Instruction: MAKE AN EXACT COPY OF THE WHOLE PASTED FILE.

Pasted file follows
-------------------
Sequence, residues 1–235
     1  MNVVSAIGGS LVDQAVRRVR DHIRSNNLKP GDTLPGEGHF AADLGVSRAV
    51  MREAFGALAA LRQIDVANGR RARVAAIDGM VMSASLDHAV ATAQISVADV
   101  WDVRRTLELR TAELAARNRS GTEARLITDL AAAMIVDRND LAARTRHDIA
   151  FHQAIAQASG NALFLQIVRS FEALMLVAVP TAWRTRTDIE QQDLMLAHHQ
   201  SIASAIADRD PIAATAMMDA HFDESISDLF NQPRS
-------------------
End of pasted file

Sequence, residues 1–235
     1  MNVVSAIGGS LVDQAVRRVR DHIRSNNLKP GDTLPGEGHF AADLGVSRAV
    51  MREAFGALAA LRQIDVANGR RARVAAIDGM VMSASLDHAV ATAQISVADV
   101  WDVRRTLELR TAELAARNRS GTEARLITDL AAAMIVDRND LAARTRHDIA
   151  FHQAIAQASG NALFLQIVRS FEALMLVAVP TAWRTRTDIE QQDLMLAHHQ
   201  SIASAIADRD PIAATAMMDA HFDESISDLF NQPRS